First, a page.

One of those is, you could say, is the classical model where if you think of Plato and the Forms, art represents the Forms. So it’s a copy of an original, and that’s what an image is, is it’s supposed to be a duplicate, but the duplicate is always inferior to the original model for Plato and that’s why philosophical knowledge is about the Forms and art and aesthetics are about being in a cave just looking at shadows. When you think about the Great Chain of Being, Being, stasis, and Form are at the top of that, and matter and motion are at the bottom. And that’s certainly what’s going on in Plato.

Then, on the other hand, you have the other major tradition, the Kantian one, which is where the image and sensation are understood hermeneutically, or by what does it mean for humans—“what does art mean? What is the meaning of art? What is the experience of a work of art?”—and that’s more Kant and Dewey. And then you have more social dimensions of that, which are the Frankfurt School and so on, kind of a more social hermeneutics that has to do with what the meaning of a work of art is for society or what it tells us about society. On that one, my problem is that we’re still—in both of these cases, in the Platonic, classical and in the more modern one—we’re not really talking about the image, we’re not really talking about art. What we’re talking about is the Forms which are more important—that’s the real thing that we care about—and then in the case of the human version, we’re interested in what humans think. We’re really studying ourselves more than we’re actually caring about the image itself.

So my orientation in Theory of the Image was to do basically what I did for Theory of the Border and Figure of the Migrant which was to sort of flip it upside-down and start with the mobility and movement of the image, track it from a kinetic systems approach, and think about the patterns of motion that the image does. So instead of thinking about what art means, or what it represents, just looking at what it does materially, practically, historically, and then looking at these different regimes and the way in which art and images are shaped and circulated; not how they’re represented or what their meanings are.

So it’s a very different approach to thinking about aesthetics that’s materialist and that is non-anthropocentric. It doesn’t focus on human interpretation of art and that’s mostly what art theory is about. So this is a very weird book to think about if we’re not interested in what humans think art means or what it makes them feel. Not that those are not relevant, it’s just that they’re not the primary focus, those are just a part of it. So human experience is part of a larger circulation, but that larger circulation is what we’re looking at, and humans are just one aspect of that larger process.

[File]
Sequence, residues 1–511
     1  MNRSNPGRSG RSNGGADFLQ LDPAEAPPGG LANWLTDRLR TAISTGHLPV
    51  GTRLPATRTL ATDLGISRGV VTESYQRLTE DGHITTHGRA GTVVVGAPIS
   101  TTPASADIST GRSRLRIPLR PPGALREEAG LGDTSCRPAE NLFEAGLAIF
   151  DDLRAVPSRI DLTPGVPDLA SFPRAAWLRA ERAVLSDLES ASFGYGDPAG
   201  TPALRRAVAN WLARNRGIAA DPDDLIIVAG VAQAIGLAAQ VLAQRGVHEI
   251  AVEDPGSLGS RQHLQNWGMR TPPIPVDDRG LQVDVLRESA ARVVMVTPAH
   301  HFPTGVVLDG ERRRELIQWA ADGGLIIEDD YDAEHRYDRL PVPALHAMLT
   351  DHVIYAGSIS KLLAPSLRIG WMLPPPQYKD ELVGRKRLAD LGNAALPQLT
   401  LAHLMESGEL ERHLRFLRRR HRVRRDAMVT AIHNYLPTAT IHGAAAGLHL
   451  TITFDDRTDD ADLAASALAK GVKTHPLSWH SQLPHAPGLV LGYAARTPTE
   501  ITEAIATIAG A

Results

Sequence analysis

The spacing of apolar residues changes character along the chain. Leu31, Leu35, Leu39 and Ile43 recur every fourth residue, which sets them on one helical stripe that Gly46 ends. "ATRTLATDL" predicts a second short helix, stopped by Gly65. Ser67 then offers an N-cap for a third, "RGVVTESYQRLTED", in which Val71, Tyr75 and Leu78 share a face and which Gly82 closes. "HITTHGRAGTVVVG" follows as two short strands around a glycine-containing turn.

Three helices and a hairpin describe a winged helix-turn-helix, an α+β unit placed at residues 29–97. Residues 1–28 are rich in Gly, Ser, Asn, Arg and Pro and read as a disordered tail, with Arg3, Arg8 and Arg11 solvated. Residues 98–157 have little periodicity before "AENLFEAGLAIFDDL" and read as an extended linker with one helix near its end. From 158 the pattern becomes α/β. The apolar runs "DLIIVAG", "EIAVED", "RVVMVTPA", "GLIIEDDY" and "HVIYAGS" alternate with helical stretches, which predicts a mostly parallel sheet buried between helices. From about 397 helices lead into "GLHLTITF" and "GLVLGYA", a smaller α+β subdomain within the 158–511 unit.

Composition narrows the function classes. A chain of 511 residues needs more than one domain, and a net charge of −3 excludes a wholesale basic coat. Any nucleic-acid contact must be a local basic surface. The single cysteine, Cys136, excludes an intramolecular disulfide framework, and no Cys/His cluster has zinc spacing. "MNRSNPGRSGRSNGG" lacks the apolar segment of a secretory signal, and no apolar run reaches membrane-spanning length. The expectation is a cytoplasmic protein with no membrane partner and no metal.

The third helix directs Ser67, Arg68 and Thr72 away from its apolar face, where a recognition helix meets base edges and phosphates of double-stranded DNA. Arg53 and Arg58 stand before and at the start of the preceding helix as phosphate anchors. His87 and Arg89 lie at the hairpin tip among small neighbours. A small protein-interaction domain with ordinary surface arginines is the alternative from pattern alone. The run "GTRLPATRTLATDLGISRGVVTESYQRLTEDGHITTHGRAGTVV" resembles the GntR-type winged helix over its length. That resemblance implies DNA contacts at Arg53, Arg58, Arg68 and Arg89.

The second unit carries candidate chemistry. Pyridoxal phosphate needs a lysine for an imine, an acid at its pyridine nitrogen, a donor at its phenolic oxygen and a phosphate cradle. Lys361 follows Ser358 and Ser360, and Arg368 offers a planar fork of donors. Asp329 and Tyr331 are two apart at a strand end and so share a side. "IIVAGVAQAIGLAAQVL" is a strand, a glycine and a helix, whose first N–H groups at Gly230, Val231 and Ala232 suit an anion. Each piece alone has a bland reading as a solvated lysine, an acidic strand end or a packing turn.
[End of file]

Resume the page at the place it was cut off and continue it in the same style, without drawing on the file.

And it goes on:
Nico: I’m wondering if you talk about getting rid of the anthropocentrism and the movement and real effect that art or images have, and also in the same way we’re talking about the border as almost a concrete thing—do you see any relation between kinopolitics and, for example, object-oriented ontology (OOO), or do you think there are important differences or distinctions that you would want to keep between the two? Do you think there is some overlap or link between these two?

Thomas: That’s a good question. I’m just going to give what my definition of what I think OOO is and then say what I think the differences are. OOO is looking at objects, and what an object is something (and here I’m just reading Graham Harman’s definition) that is discrete, vacuum-sealed, and separate from one another. Tristin Garcia Form and Object has a very similar definition where the objects are completely extensive and by definition, they are not what the other object is.

There are objects that contain and objects that are contained, and that’s what defines an object. So they’re discrete, they’re vacuum-sealed, and at the center of them has an essence which Harman says does not change, it does not move, it is not material, and it withdraws any attempt to empirically identify it. So whether that’s right or wrong that’s at least my understanding of what that tradition is doing.

The philosophy of movement is really about process, it’s not about objects as primary. In many ways, the philosophy of movement is the opposite of OOO where it doesn’t start with discreet, separate objects. It starts with processes and it starts with objects as metastable states, like a whirlpool or eddy. They’re there, but they don’t have any discreetness, they don’t have any isolation. Graham Harman emphasizes very strongly that the essence of the object is non-relational, it doesn’t relate to anything else. And for me that’s very much the opposite. Objects are metastable states and it’s not that there are relations before there are objects, it’s that relations and objects are completely immanent to one another, they’re not separate, they’re just two different ways of talking about the same thing. And of course, the static, unchanging, withdrawn essence to me is just metaphysics.

The philosophy of movement is a materialist philosophy that’s interested in thinking about things that move. And that’s the thing about matter—it’s a shape-changer. It’s always moving and changing shapes so there’s nothing that withdraws, nothing that doesn’t change—everything is in motion and movement. On that point this is not a metaphysical claim this is where we’re at, this is what we know in physics at this point in history, is that there is nothing in the universe that doesn’t move. So stasis is not a real thing. It’s always relative down to quantum field fluctuations: they are moving, and they’re active; nothing is a static, withdrawn essence. So Harman’s OOO is not consistent with what we know in physics. Maybe physics could be wrong and I’m open to that, but for the moment I’m not going to speculate metaphysically about things that we have no idea about.